Any survivor who has suffered from emotional, physical, or sexual trauma or (heard or saw) a life threatening situation, may have resulting trauma symptoms. It might not always amount to post traumatic stress disorder, but there can either be symptoms that are similar to or leading up to PTSD.
The most important aspect of trauma informed care is not taking a stance of “what’s wrong with you?” but coming from a perspective of “what happened to you?” The first step is having a kind and compassionate approach and really letting you know that whatever happened is more than likely not your fault.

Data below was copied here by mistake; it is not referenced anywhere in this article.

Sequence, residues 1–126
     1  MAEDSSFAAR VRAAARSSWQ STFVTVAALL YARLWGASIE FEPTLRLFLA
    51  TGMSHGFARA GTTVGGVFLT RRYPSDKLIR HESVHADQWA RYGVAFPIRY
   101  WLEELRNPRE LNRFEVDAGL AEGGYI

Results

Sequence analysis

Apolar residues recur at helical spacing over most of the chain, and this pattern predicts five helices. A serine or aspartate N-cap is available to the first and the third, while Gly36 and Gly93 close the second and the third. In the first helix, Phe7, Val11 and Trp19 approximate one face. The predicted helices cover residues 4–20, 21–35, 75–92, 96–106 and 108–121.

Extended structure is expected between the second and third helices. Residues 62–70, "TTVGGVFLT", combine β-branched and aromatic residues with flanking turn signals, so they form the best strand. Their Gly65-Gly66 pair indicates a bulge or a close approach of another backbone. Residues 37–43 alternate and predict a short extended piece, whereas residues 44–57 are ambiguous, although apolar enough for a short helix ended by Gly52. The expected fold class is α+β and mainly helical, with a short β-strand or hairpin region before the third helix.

Trauma presents as either hypoarousal or hyperarousal. Hypoarousal is when someone is numb, distant, or cut off. With hyperarousal, they’re overwhelmed all the time, anxious, not present, maybe impulsive, defensive, and reactive. With trauma care, we’re trying to get you back to your regulated self. We want to get you into your optimal arousal zone where you’re tolerable, able to recognize both your time and space orientation, and capable of integrating new experiences and information. I do this with Somatic Interventions, EMDR and Mindfulness Practice.